5. SLMC’s influence outside the Eastern province is marginal and the Muslims are opting for the UNP.
6. Tamils are increasingly polarized and voting for their own candidates whenever they have a choice.
What conclusions can one draw from these observations? Allow me to be bold in this exercise. The most pertinent of issues would be the next Presidential Elections and General Election that usually follows it immediately.
a) It is beyond any shade of doubt that the UNP, in a General Election and as one single political entity, cannot entertain any dream of coming to power on its own.
b) Those who agitated at grassroots level for a change in leadership of the UNP have now settled for either the DP led by General Fonseka or the JVP led by Anura Kumara Dissanayake.
c) The UNP leaders are continuing to be comfortable in a delusionary state of mind that people would make their choices on their own without being coaxed and persuaded by an aggressively and professionally managed propaganda onslaught.
d) The JHU’s influence in the mindset of the UPFA voter is increasing. The fringes are sadly but increasingly becoming the mainstream.
e) The first two preferential vote-getters in the Colombo district come from the fringes. One is a daughter of a notorious politico who was slain on an election eve and the other, an extreme chauvinist who advocates abrogation of the Thirteenth Amendment to the Sri Lanka Constitution while enjoying all the benefits of that Amendment and being a Provincial Councilor. There cannot be a clearer example of a warped mindset of the voter than this reflection. Which is more warped, the elector or the elected, is a million dollar dilemma.
f) Corruption, nepotism and pseudo-patriotism are not only condoned by the majority of voters, they are being grasped by those who have got elected from the UPFA ticket.
g) Offspring galore! The electorate is more than ready and willing to vote for big names’ offspring. Jeevan Kumaratunga’s daughter, Yapa Abeywardena’s son, late Bharatha Lakshman’s daughter, Kumar Welgama’s son are but a handful of examples.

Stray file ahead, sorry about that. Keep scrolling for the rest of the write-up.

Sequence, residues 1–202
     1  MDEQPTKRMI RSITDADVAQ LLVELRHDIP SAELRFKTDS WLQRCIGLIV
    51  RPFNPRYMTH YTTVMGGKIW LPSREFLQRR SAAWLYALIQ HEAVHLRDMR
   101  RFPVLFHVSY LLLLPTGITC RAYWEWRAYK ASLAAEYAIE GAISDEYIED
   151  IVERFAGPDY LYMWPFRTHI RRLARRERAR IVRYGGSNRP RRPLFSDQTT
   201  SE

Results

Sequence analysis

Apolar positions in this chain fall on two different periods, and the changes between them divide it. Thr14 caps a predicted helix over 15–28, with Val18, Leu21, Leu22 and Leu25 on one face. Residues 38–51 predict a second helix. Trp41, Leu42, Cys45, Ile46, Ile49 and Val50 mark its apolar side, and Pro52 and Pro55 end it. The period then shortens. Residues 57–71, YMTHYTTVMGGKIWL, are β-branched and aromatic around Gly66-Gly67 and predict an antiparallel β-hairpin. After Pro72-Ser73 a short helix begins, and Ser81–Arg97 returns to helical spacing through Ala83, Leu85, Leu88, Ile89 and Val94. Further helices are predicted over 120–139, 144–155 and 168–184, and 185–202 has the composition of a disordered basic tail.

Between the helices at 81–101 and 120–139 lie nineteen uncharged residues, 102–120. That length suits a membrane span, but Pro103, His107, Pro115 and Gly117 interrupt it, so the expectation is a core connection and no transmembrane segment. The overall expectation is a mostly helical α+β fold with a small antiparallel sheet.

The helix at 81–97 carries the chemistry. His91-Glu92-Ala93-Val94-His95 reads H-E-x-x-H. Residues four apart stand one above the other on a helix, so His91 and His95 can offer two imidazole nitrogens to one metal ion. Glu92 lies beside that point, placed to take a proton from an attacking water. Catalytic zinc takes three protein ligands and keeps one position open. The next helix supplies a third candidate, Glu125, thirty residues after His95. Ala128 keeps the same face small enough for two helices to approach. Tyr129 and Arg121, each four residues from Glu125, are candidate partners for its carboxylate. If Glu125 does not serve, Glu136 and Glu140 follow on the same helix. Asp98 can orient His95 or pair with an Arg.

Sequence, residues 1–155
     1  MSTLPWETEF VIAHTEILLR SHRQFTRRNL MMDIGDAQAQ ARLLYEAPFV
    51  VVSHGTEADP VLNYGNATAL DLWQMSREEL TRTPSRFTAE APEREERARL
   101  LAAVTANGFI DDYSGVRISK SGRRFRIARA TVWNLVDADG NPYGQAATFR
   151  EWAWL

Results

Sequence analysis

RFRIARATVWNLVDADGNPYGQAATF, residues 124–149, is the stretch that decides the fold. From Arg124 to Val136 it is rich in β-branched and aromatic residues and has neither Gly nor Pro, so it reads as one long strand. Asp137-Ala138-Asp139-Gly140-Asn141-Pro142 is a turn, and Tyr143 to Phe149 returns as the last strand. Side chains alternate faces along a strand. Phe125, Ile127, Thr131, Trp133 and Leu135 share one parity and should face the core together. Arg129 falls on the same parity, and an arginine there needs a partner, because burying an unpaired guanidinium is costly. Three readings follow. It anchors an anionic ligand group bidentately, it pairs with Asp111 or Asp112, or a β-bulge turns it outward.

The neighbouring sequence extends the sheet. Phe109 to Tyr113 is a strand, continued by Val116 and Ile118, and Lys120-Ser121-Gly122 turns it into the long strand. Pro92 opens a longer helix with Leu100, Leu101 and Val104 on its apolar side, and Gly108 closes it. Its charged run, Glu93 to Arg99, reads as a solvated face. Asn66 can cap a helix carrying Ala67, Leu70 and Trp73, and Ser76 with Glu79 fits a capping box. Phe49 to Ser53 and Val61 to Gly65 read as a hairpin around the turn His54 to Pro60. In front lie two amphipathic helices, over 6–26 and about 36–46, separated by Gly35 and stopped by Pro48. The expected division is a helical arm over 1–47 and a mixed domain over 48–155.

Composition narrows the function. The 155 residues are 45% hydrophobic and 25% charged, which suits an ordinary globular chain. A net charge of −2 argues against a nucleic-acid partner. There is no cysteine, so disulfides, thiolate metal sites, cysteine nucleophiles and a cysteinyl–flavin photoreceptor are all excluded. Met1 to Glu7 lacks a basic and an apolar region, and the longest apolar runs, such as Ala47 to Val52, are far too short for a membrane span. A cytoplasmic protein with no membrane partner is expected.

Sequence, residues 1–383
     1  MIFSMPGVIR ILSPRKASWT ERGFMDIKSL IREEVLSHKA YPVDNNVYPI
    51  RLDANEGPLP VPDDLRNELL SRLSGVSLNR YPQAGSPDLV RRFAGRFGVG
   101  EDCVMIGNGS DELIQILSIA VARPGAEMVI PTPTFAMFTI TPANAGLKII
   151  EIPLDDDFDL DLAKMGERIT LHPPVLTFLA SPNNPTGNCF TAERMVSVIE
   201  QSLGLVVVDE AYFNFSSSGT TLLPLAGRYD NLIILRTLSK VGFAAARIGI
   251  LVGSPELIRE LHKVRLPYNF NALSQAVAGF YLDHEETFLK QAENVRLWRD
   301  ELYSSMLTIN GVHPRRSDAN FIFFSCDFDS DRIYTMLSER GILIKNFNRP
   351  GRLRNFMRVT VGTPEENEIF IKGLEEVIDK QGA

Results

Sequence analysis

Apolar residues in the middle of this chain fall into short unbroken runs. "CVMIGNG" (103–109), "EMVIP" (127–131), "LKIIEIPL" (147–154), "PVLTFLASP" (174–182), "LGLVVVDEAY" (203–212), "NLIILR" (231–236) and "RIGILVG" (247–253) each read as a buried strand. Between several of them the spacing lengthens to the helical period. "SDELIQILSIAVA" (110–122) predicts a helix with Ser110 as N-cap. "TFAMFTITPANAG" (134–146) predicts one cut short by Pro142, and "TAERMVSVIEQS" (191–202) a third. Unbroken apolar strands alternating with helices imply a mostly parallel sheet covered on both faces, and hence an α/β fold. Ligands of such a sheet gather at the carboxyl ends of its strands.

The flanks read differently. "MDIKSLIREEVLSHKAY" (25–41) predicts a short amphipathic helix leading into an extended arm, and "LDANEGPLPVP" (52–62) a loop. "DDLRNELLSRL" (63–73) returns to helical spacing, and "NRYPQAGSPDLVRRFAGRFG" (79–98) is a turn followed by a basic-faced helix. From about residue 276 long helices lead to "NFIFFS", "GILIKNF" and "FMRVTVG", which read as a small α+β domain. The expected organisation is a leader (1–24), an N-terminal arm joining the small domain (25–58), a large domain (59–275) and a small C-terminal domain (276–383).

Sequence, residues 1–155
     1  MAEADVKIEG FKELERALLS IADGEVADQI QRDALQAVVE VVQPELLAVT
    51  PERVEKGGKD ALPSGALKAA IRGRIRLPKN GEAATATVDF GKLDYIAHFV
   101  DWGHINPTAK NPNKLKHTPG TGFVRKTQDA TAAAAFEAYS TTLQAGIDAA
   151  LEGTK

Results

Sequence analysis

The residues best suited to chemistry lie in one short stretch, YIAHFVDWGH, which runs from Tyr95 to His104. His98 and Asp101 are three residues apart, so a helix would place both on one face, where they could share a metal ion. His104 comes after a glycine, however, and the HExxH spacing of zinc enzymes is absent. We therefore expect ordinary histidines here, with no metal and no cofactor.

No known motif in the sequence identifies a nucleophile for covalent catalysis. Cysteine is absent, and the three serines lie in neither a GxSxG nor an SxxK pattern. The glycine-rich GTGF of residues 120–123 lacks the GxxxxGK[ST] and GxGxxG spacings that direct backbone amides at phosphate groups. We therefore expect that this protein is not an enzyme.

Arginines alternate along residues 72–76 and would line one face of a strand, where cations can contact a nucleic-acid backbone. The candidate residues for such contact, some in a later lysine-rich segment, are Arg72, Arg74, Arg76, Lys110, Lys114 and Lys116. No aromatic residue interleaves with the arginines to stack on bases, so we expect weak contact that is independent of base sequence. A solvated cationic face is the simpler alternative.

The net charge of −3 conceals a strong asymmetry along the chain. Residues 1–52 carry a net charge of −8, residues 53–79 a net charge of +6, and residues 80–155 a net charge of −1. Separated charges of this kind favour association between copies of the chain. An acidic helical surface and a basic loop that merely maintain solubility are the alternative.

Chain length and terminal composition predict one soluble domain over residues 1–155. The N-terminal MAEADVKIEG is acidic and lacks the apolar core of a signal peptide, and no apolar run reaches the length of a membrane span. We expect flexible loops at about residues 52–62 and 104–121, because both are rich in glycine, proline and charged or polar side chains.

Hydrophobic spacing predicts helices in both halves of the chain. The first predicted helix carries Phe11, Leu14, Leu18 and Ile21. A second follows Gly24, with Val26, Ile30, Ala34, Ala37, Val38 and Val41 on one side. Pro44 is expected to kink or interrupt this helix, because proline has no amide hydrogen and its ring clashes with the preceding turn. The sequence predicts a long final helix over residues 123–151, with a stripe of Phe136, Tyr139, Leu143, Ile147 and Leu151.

Everything that could go against the Government was in place except the main Opposition party – the UNP. Despite the evident pressures building up against the regime and in the face of money spent on a one-sided election campaign with the Commissioner General of Elections left helpless and impotent with regard to the brandishing of raw government power via the state-controlled media machinery, the United National Party, its National Leader and the Leadership Council looked more like the ‘walking dead’ than a vibrant political outfit. Indeed, maybe for the first time in his life, even General Fonseka took some retreating steps in Hambantota when faced with deliberate intimidation and sabotage by the corrupt agents of the regime.
If one were to project the results of the just-concluded PC elections to the next General Elections, it would once again be a landslide for the governing coalition, especially if the Opposition remains ‘ununited’ and in disarray as it is today. No clobbering seems to awaken the Grand Old Party of Sri Lanka from its twenty-year slumber.
But take a minute and peruse the following statistics too:
- In 1977, the UNP won five sixths of parliamentary seats
- Yet it received only between 50% and 51% of the total polled
- In 1977, the rest of the Opposition which comprised the coalition partners of the present-day UPFA received only a total of 37%
- At the recent PC elections in 2014, in the Western and Southern provinces, the Government got a combined net of 55.5%
- And in 2014, the combined Opposition, UNP, DP, JVP and SLMC, obtained a combined net of 43%
I would try to interpret these stats in a later piece. In the meantime, dear reader, you too do some homework yourself and arrive at your own conclusions. A scenario in which the susceptibility of the Rajapaksa monolith is evident is likely to emerge.
*The writer can be contacted at firstname.lastname@example.org